University of Michigans’ Solar Car team has taken Siemens PLM technology to assist in it’s efforts to regain the World Solar Challenge title in Australia. The Wolverines have already won the American challenge 7 times, and second runner-up four times.
University of Michigans’ Solar Car team has taken Siemens PLM technology to assist in it’s efforts to regain the World Solar Challenge title in Australia. The Wolverines have already won the American challenge 7 times, and second runner-up four times. Comprised of college students only, U of M’s organization has determined that they would like to utilize a more complex product development software so they can compete at an accelerated level. This has allowed them to use 100% mechanical components and aerobody designed by Siemens NX software.
“Our teams have a rich tradition of excellence and a great track record of success,” said Pavan Naik, Senior Business Development Manager, University of Michigan Solar Car Team. “But as we began to prepare to compete with the best teams in the world in 2013, we knew we needed more comprehensive PLM software technology. The breadth of functionality for design, simulation and aerodynamic surface modeling in NX are far beyond anything we have used in the past. Siemens’ PLM software helped us with the rapid decision making needed in solar car development and should help maximize our chance to cross the finish line first in Australia. We are proud to leverage the same product development technology used by so many leading automotive companies.”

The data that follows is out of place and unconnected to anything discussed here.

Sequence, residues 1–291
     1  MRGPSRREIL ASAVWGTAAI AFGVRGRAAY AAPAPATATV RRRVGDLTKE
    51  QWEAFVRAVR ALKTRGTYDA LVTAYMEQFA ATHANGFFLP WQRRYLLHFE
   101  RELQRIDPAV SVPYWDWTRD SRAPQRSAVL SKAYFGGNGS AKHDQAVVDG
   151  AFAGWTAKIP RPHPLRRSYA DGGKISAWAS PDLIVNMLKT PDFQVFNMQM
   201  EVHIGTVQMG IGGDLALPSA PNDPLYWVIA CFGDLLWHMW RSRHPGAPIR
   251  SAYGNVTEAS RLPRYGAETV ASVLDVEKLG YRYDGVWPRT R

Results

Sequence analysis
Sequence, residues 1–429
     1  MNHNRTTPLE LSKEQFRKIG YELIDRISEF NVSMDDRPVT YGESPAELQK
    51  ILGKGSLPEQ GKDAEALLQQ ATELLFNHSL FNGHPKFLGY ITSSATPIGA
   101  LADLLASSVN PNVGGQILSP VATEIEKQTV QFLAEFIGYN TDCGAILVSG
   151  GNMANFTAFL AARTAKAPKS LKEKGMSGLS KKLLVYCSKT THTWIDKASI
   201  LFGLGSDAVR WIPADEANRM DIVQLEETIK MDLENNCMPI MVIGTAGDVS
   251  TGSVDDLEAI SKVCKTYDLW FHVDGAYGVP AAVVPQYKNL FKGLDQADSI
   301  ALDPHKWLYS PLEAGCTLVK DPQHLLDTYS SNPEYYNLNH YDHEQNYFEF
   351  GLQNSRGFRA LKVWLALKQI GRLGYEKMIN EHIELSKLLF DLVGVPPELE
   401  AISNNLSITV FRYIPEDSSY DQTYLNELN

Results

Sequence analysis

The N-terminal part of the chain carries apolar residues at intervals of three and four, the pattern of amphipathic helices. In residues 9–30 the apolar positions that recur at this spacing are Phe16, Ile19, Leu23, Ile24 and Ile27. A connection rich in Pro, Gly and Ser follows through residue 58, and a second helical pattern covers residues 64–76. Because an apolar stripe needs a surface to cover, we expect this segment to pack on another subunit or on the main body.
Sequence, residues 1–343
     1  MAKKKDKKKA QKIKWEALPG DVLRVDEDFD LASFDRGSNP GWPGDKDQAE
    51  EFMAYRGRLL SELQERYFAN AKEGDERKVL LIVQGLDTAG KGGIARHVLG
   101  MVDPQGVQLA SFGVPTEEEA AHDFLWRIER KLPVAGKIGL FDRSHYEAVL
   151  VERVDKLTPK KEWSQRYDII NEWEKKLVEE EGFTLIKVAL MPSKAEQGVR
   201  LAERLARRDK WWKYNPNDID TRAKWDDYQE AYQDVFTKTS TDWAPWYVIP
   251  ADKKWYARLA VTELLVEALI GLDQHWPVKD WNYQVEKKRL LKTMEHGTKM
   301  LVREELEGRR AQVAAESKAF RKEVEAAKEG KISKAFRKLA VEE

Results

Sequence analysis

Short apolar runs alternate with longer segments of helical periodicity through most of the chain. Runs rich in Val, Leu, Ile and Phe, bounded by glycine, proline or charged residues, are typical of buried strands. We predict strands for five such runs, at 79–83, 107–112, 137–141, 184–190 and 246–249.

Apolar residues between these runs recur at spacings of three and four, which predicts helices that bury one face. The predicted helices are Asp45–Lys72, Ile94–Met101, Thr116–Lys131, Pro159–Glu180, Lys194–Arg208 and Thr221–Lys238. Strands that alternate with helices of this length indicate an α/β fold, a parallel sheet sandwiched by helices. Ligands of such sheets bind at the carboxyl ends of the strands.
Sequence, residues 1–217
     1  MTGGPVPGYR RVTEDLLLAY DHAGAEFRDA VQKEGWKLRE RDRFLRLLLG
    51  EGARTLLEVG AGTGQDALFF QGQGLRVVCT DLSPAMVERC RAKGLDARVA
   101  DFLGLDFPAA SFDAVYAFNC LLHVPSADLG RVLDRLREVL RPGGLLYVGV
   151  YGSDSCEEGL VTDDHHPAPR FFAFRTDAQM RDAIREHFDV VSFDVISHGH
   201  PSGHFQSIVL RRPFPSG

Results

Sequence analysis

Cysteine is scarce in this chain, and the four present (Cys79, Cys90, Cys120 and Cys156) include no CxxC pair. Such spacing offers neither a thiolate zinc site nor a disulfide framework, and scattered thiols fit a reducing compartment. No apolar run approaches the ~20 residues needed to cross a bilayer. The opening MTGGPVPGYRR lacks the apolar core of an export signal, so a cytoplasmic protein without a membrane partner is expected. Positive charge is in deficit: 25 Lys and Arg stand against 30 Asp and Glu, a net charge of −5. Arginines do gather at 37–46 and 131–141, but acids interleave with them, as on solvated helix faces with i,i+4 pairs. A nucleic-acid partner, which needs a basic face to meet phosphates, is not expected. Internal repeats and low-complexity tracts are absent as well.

“As a strong supporter of science, technology, engineering and math (STEM) education, Siemens is proud to be associated with the highly successful University of Michigan Solar Car Team,” said Dave Taylor, vice president of Global Marketing, Siemens PLM Software. “We are pleased that they have decided to adopt our advanced PLM technology to elevate their performance to the next level. Over the long run, we are confident it will help them continue to make smarter decisions that advance alternate energy technology and ultimately lead to better products. We wish the team the best of luck in Australia.”